We have determined the flux of calcium, chloride and nitrate to the McMurdo Dry Valleys region by analysing snow pits for their chemical composition and their snow accumulation using multiple records spanning up to 48 years. The fluxes demonstrate patterns related to elevation and proximity to the ocean. In general, there is a strong relationship between the nitrate flux and snow accumulation, indicating that precipitation rates may have a great influence over the nitrogen concentrations in the soils of the valleys. Aeolian dust transport plays an important role in the deposition of some elements (e.g. C(2+)) into the McMurdo Dry Valleys' soils. Because of the antiquity of some of the soil surfaces in the McMurdo Dry Valleys regions, the accumulated atmospheric flux of salts to the soils has important ecological consequences. Although precipitation may be an important mechanism of salt deposition to the McMurdo Dry Valley surfaces, it is poorly understood because of difficulties in measurement and high losses from sublimation.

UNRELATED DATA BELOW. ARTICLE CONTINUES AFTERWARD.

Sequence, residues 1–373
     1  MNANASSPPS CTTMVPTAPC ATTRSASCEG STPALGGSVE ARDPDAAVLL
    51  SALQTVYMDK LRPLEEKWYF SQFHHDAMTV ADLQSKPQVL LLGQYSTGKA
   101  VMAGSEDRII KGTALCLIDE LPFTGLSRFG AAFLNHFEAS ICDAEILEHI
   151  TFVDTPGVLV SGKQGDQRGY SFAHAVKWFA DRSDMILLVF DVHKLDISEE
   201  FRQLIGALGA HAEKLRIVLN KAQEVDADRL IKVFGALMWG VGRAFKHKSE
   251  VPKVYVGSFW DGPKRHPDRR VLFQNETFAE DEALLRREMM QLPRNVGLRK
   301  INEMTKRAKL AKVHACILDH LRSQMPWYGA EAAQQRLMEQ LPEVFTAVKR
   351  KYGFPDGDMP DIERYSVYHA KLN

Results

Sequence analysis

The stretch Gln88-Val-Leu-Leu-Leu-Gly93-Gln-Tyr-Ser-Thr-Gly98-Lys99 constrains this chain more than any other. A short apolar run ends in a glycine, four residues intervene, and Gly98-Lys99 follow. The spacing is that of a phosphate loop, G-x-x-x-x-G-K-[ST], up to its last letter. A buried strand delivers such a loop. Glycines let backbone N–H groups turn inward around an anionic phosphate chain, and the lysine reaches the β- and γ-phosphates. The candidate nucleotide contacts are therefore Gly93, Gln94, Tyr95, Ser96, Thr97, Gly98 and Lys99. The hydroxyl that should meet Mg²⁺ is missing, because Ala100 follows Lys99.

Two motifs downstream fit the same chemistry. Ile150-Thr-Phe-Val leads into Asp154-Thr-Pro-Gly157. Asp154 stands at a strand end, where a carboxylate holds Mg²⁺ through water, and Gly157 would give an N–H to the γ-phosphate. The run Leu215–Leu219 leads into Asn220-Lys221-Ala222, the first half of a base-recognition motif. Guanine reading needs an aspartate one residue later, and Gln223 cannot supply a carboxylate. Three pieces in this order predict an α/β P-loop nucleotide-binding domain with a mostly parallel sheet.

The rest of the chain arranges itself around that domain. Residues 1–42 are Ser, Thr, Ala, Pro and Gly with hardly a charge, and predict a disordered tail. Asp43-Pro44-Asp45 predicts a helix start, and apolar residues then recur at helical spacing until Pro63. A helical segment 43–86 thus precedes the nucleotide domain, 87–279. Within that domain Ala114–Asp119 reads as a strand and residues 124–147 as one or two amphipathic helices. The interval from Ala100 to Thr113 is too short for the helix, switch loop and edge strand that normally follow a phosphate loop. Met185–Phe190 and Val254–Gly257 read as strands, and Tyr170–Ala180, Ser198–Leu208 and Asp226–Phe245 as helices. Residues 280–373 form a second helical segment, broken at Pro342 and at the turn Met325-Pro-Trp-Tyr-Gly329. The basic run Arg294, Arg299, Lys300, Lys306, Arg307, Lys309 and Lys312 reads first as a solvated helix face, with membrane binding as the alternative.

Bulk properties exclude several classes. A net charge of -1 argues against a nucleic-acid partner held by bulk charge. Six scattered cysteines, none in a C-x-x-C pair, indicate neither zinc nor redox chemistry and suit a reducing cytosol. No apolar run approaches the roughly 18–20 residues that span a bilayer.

Witherow, Rebecca A.; Lyons, W. Berry; Bertler, Nancy A.N.; Welch, Kathleen A.; Mayewski, Paul Andrew; Sneed, Sharon B.; Nylen, Thomas; Handley, Michael J.; and Fountain, Andrew, "The Aeolian Flux of Calcium, Chloride and Nitrate to the McMurdo Dry Valleys Landscape: Evidence from Snow Pit Analysis" (2006). Earth Science Faculty Scholarship. 99.
Witherow, RA, Lyons, WB, Bertler, NAN, Welch, KA, Mayewski, PA, Sneed, SB, Nylen, T, et al., 2006, The Aeolian Flux of Calcium, Chloride and Nitrate to the McMurdo Dry Valleys Landscape: Evidence from Snow Pit Analysis: Antarctic Science, v. 18, p. 497-505. Available on publisher's site at: http://www.esaim-m2an.org/action/displayAbstract?fromPage=online&aid=545608&fulltextType=RA&fileId=S095410200600054X
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